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New Left Review I/70, November-December 1971

Robin Blackburn

The Heath Government: A New Course for British Capitalism

The eruption of the international financial crisis last August has thrown into sharp relief an often neglected dimension of inter-imperialist contradictions—namely the relation between the domestic class struggle and the international competition of the major imperialist states. There are two ways of neglecting this relationship: one simply regards the struggle of each working class against its own bourgeoisie as a more or less self-contained process dependent on the traditional or innate virtues and vices of the respective protagonists; the other presents an anonymous and undifferentiated international capitalism riven by an equivalent and omnipresent contradiction between labour and capital. It is now becoming increasingly difficult to ignore the simple fact of an interconnection between the domestic and the international policies of the different ruling classes in the imperialist states. But this does not mean that the problem is adequately thought through or even correctly posed. In Britain the standard solution even for the Marxist Left is to insist periodically that the ruling class is attempting to solve the problems of British capitalism at the expense of the British working class. This statement is, of course, absolutely true, but it would be true of every capitalist class and its government. The advent of the Heath Government necessitates a more precise account of the strategy upon which the ruling class has now embarked.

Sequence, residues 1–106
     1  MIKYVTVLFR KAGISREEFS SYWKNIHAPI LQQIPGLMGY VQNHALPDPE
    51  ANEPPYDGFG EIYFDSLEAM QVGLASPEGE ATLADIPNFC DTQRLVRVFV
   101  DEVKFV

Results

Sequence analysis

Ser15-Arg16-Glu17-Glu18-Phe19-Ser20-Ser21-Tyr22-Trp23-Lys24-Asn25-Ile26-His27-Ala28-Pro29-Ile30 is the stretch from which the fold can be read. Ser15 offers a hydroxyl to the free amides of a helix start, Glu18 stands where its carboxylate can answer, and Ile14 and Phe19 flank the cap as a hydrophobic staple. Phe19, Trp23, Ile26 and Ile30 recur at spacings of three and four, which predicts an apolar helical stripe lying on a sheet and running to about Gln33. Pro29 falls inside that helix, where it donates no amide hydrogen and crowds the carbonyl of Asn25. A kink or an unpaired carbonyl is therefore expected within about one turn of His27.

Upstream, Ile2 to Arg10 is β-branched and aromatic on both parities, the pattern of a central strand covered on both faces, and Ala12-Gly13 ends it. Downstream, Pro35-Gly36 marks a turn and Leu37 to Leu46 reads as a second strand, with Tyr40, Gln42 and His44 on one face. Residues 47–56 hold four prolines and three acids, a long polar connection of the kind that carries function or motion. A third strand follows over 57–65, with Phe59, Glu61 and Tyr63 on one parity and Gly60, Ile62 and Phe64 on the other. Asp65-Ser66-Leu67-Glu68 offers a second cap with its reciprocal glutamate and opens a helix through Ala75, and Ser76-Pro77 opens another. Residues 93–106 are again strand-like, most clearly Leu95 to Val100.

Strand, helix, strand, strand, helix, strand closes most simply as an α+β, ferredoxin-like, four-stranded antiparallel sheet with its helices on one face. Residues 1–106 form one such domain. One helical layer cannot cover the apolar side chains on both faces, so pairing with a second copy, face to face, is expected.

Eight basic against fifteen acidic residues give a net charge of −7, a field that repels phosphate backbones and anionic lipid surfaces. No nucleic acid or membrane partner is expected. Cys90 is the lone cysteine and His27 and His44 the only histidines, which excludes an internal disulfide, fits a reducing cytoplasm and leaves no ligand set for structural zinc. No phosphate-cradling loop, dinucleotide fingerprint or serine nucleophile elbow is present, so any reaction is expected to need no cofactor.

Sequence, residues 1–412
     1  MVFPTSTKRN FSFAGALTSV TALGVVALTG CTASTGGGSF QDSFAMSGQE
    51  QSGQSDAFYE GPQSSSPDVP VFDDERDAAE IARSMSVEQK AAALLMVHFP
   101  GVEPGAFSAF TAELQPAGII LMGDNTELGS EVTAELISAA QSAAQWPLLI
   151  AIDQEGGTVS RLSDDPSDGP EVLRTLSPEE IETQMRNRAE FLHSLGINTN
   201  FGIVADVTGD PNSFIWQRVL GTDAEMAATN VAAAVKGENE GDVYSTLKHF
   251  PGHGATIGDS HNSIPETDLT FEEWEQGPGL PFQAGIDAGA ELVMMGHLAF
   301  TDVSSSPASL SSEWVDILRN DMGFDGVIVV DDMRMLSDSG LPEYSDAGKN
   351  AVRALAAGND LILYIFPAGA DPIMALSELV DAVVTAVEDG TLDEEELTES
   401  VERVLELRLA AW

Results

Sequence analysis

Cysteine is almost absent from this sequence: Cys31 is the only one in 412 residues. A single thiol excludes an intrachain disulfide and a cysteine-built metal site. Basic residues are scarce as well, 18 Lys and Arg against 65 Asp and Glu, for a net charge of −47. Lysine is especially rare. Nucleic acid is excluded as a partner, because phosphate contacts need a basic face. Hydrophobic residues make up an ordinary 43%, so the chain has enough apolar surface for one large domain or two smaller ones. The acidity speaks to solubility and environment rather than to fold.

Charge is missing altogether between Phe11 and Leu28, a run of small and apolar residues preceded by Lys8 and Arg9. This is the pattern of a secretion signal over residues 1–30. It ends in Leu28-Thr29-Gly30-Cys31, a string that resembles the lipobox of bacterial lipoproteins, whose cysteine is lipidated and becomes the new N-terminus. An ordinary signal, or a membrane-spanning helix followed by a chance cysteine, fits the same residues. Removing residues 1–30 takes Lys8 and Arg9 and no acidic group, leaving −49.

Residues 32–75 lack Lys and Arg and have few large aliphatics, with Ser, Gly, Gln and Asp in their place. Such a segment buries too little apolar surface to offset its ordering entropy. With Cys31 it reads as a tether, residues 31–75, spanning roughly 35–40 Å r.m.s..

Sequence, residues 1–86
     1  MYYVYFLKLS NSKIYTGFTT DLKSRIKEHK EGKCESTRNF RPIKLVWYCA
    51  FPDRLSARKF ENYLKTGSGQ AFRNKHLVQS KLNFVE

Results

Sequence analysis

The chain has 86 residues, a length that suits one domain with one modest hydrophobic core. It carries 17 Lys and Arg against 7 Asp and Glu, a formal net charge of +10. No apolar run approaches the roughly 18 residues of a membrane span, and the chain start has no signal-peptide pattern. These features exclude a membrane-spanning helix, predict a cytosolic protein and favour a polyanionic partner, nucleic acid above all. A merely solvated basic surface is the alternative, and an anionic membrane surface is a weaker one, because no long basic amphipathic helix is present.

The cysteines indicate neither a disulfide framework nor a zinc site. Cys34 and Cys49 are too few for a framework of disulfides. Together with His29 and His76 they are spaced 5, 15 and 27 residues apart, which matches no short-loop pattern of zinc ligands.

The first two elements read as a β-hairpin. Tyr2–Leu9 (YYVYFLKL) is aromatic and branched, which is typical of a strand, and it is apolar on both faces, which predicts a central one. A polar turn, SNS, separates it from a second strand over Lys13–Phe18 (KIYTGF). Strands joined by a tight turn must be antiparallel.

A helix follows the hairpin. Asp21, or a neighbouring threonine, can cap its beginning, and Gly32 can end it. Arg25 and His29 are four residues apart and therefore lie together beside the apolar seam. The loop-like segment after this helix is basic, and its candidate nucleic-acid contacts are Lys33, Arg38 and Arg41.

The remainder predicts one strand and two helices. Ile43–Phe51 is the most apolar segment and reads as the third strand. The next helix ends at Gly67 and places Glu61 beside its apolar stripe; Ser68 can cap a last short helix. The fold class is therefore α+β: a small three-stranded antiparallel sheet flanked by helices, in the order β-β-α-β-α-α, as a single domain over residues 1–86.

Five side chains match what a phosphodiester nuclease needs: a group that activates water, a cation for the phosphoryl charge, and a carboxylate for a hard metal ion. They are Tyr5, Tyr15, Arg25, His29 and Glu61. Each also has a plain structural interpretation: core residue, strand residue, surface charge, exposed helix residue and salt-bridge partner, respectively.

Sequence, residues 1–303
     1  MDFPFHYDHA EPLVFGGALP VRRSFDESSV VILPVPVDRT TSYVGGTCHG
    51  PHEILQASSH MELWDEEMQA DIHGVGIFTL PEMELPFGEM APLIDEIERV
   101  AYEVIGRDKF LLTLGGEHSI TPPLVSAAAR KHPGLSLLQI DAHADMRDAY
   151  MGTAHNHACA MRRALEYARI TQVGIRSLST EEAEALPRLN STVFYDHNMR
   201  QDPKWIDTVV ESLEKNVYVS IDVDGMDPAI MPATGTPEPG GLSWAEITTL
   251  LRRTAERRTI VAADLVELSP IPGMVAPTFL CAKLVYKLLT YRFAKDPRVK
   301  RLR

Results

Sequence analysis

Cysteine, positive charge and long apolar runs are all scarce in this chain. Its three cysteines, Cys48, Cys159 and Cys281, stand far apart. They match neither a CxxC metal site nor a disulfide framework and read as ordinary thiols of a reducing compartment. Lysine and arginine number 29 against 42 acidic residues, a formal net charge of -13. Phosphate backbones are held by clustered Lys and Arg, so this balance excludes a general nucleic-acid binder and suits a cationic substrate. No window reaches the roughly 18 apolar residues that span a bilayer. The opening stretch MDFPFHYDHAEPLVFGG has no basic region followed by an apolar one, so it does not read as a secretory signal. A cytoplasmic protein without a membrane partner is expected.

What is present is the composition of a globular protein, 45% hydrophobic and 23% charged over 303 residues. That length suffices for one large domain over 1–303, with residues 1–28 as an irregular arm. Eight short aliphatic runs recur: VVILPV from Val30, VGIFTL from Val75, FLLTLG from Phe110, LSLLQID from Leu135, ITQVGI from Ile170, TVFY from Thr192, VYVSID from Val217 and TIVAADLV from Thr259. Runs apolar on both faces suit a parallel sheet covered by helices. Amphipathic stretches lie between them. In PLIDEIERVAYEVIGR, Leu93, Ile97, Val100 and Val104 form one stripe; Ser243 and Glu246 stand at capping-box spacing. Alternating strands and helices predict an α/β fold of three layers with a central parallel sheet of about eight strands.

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Robin Blackburn, ‘The Heath Government: A New Course for British Capitalism’, NLR I/70: £3

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